By Dana Knutzen, MS, CGC
Kimberly Nugent, MS, GC
Rebecca Littlejohn, MS, CGC
Genetics spans all areas of medicine. It is woven into the very core of who we are and determines how our body grows and develops. When a baby is born with a birth defect or a child is falling behind in school, sometimes a change in our genetic information is the cause. If a genetic diagnosis is made, it not only affects that individual but can stretch across the family, suggesting other relatives may also be at risk.
Understanding whether your child or family member’s health concerns are part of a genetic diagnosis can be confusing. Information provided by genetic counselors can help you navigate these unknowns and help you find answers to your questions.
What is genetic counseling?
Genetic counselors are health care professionals with specialized degrees and experience in medical genetics and counseling1. They work as members of a health care team providing information and support to families who may be at risk for a variety of inherited conditions or who have a relative with a birth defect or genetic condition. A genetic counselor is familiar with genetic conditions, how they are inherited, what genetic tests are available, and how genetic testing could affect individuals and families. They can help with adjustment to a condition, prevention of symptoms or recurrence, and obtaining resources for information and support. Most importantly, the genetic counselor guides you through the decision-making process so you feel empowered to make the decisions that are best for you2.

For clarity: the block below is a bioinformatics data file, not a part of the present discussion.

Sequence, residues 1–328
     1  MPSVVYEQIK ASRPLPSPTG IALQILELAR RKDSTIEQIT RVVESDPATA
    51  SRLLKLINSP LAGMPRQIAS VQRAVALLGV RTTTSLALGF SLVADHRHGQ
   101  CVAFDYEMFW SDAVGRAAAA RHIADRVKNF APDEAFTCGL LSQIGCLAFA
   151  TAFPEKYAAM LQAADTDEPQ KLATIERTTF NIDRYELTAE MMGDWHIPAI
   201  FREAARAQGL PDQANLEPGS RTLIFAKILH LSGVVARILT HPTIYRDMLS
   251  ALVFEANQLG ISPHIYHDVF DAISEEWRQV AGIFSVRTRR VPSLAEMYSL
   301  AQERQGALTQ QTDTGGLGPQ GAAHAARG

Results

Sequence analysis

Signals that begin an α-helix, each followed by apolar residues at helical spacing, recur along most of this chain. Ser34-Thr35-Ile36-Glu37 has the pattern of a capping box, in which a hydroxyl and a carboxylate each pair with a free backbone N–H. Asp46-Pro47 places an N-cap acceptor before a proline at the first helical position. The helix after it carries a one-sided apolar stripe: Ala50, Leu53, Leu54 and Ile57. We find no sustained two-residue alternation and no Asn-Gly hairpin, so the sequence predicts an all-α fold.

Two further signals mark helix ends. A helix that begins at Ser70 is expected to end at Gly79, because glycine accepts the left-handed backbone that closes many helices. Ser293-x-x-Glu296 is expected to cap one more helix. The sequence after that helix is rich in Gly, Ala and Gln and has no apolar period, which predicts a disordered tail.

What happens at a genetic counselor appointment?
Genetic counselors will review your personal and family history and discuss any concerns they have about possible genetic conditions. They can provide education about specific genetic disorders and discuss the option for genetic testing if available. As the decision regarding whether or not to do genetic testing is yours, genetic counselors can help you reach this decision by exploring all options and possible outcomes. If you choose to do genetic testing, genetic counselors can help explain test results and what they may mean for you, your family members and your children.
Where can I find a genetic counselor at The Children’s Hospital of San Antonio?
Genetic counselors at The Children’s Hospital of San Antonio are located in the Pediatric Clinic and the Center for Maternal and Fetal Care. The Pediatric Genetic Clinic can evaluate adults and children with possible or suspected genetic conditions. The Center for Maternal and Fetal Care can evaluate adults either before pregnancy or during the course of their pregnancy. Information regarding services can be found at genetic services for children and genetic services for expectant parents.
As you prepare for the holiday season with family and friends, consider sharing your health history with relatives. If you become concerned about your family’s health history, consider meeting with a genetic counselor.
November 9, 2017, marks the first Genetic Counselor Awareness Day. Genetic counselors are health professionals who provide personalized care to patients making decisions about their genetic health. At The Children’s Hospital of San Antonio, we have three Baylor College of Medicine genetic counselors who serve the San Antonio community and counsel families through a sometimes challenging decision-making process. Should your child require genetic testing or counseling, contact our team at 210.704.4708 for an appointment. More information regarding the Genetics Program can be found at www.chofsa.org/genetics.
1 Texas Society of Genetic Counselors (www.tsgc.org)
2 Norrgard, K (2008) Medical careers: genetic screening and diagnostics. Nature Education 1(1):92